Building Mental Resilience
If you wanted to lose weight, get fitter and stronger, you would probably go about doing the following:
• Join a gym
• Lift weights
• Walk more
• Cook more nutritious meals
• Rinse and repeat
As a result, over time, you would probably start to see definition in various body parts, more energy levels and better health markers all around. It doesn't happen overnight. However, you have to put in the work to see the benefits. Not only that, you have to keep putting in the work to keep those benefits.
Similarly, building mental resilience is no different. Just like you need to learn proper technique to exercise effectively in the gym, learning the "mental techniques" allows you to build your resilience capacity and mental strength.
An important part of this is identifying your values. Previous research findings suggest that aligning with personal values helps people be more resilient in the face of stressful situations. For example, according to resilient school leaders, the process of "privately clarifying, publicly articulating, and consciously acting on" core values is a great source of strength in helping them face adversity and emerge stronger than before (Patterson and Keller, Resilient School Leaders. 2005, p. 51).
Another study by Creswell and colleagues (2005) showed that reflecting on personal values buffered physiological and psychological stress responses during a laboratory stress challenge.
In essence, values provide a reason to keep going which is a cornerstone in becoming more resilient. For example, if "providing" and "safety" was an important value for you and you lost your job, it's easier to move quickly and seek out other jobs because you're aligning with your core values. The values themselves act as motivators.
Your values are the things that you consider to be important in life, such as leading, kindness, safety, freedom, helping others and so on. Let's start with a value affirmation task to align the values that are important to you and which you can harness during challenging periods in your life.
Step 1: Describe a stressful life event
Grab a piece of paper or pull out the notes app on your phone and take a moment to consider a challenging area in your life that is currently taking place. For example, you may have recently lost your job because of a pandemic or perhaps your partner has there is more pressure on you financially to provide for your family. Briefly, write down what this stressful life event is.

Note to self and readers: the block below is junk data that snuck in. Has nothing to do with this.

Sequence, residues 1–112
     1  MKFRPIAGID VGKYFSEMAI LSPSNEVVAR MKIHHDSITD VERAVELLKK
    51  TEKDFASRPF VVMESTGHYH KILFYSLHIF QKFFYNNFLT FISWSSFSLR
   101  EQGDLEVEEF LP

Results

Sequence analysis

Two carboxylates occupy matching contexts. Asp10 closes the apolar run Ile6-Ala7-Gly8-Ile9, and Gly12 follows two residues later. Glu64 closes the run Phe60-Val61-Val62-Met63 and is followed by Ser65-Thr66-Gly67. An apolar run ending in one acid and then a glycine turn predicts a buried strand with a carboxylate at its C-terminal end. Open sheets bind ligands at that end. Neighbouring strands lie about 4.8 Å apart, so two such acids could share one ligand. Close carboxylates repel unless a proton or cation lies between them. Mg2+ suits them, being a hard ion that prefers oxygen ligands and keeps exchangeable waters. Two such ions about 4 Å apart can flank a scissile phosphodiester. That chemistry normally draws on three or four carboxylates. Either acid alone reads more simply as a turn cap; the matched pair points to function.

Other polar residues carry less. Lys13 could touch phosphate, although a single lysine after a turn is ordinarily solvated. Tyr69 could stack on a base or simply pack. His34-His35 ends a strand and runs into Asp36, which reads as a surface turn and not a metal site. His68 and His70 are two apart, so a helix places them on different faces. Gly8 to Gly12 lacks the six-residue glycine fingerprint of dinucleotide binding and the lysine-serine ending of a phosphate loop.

Step 2: List reasons to come out the other side
Consider why it is worth it to you to keep going and get through this stressful, challenging period in your life. For example, getting through the challenge of losing a job and securing a new job may show your kids that overcoming adversity should be embraced, and therefore you have shown this by being a role model to them. They might see you as a "hero" as a result. Write down as many reasons as you can.
Step 3: Pinpoint your values
Now it's time to pinpoint what your values are, paying attention to the list of reasons you wrote in step 2 - Identify what your values are. For example, if a lot of your reasons were providing for your family, being a role model, and paying off your mortgage, your values might be caring role modelling and stability.
Step 4: Create a visual reminder
In times of stress, it can be difficult to see the wood through the trees and stay connected to our values. That's why creating a visual reminder is a great way to make sure you pull yourself back into alignment. When you do, your thoughts and actions will be much more rational as a result.
Below are some ways you may wish to do this:
• Draw illustrations in a journal or a notebook
• Put photographs on a pegboard
• Make a "Values PowerPoint" and put it on your desktop
• Keep photos in a file on your phone
The key is the make sure to choose a place to store your values where you'll come across them often. In this way, it will help you stay in touch with what makes your struggle worth going through and grow your resilience threshold
Rooting For You!